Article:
The liberal view on the immigration issue prevailed for at least three reasons.

The policy stems from a federal program called Secure Communities meant to snare noncitizen immigrants — both illegal and legal — with criminal histories. The program requires local jailers to share the fingerprints of everyone booked with ICE. Santa Clara County leaders tried to avoid complying with the program out of concerns about community trust and the breakup of families.

Since May 2010, when the county was forced to take part, it has sought ways to reduce its role. So it leapt at the opportunity to do so after Cook County led the way.

Another factor was the influence of Supervisor George Shirakawa Jr., who is part Latino and part Japanese-American — and the only minority on the board. He represents the 2nd District, which includes East San Jose and is 56 percent Latino. He has gone so far as to say that U.S. citizens and illegal immigrants “should be treated equally” in the criminal justice system.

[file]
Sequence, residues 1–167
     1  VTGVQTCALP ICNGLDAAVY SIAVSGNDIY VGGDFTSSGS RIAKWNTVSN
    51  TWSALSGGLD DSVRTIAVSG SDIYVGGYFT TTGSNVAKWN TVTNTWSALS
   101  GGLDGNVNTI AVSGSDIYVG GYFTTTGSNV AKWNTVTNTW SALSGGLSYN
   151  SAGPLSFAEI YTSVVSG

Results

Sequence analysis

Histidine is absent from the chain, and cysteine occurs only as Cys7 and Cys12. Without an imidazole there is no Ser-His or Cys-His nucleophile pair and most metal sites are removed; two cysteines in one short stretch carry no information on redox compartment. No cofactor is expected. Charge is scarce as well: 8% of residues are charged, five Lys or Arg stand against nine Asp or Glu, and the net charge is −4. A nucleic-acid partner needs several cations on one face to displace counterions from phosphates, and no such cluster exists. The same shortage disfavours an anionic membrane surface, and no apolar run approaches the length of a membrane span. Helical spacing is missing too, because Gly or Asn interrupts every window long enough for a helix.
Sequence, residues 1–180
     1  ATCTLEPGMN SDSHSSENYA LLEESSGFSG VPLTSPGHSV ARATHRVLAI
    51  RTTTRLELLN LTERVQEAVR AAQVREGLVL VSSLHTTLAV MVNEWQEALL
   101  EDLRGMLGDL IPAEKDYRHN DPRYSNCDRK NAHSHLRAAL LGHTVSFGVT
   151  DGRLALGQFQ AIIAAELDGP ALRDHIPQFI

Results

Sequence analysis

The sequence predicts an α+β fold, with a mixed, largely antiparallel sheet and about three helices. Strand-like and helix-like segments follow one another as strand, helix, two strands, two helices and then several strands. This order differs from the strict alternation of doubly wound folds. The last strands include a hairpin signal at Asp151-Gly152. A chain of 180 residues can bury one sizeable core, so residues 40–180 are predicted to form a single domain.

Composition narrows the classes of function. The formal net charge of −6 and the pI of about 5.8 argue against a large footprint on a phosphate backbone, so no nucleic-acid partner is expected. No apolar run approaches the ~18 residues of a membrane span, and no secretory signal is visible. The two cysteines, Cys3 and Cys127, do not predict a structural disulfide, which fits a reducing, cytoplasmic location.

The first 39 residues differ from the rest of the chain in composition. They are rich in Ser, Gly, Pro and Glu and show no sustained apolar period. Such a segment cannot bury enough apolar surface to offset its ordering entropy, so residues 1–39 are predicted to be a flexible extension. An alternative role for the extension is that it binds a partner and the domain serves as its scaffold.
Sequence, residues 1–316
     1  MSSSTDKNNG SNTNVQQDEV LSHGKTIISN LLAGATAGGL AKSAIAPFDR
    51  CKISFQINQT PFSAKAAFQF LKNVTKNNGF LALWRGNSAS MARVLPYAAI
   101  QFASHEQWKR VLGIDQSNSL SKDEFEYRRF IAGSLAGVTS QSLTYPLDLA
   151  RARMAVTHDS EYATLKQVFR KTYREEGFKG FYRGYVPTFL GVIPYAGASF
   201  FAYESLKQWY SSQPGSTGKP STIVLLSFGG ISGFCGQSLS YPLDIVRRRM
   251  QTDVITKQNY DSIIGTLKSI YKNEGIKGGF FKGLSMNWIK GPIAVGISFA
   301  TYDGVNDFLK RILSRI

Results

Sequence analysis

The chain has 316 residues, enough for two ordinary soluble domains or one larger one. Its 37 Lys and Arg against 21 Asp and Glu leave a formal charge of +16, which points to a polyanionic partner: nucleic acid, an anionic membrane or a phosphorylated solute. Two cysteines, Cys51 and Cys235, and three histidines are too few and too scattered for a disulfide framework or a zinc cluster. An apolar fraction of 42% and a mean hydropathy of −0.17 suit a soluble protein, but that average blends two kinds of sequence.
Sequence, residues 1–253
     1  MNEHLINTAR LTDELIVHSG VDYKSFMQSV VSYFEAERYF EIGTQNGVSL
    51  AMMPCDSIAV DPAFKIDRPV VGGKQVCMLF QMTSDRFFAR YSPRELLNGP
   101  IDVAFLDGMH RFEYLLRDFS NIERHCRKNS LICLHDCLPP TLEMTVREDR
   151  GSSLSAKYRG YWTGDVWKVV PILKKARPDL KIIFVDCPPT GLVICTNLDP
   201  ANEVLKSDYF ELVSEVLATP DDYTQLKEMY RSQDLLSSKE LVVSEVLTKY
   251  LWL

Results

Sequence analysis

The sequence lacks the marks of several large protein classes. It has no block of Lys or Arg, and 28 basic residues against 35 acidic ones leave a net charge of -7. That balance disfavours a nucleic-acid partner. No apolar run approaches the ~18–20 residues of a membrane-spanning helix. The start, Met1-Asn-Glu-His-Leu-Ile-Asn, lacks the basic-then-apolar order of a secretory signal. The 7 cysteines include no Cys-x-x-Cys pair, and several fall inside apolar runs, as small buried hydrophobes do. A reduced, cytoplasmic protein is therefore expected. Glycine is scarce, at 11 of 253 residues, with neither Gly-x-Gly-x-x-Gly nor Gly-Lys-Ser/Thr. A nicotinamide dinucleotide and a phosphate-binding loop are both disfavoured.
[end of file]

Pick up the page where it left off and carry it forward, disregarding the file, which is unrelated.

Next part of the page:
The policy also was pushed by a well-organized alliance of groups, including PACT, the Asian Law Alliance, the Service for Immigrant Rights and Education Network and Sacred Heart Community Service, a secular nonprofit that provides food, adult education and other services to the needy.

The groups told the board that community trust between the immigrant community and law enforcement hit an all-time low in the summer when two ICE agents began collaborating with San Jose police after a rash of gang homicides.

Community organizers have coined a term that could put Santa Clara County’s latest liberal policy on the map. Instead of the “Arizonification of America,” said community activist Raj Jayadev, referring to the recent wave of tough immigration-enforcement statutes that began with Arizona, “now, we are hoping for the ‘SantaClarafication’ of the country.”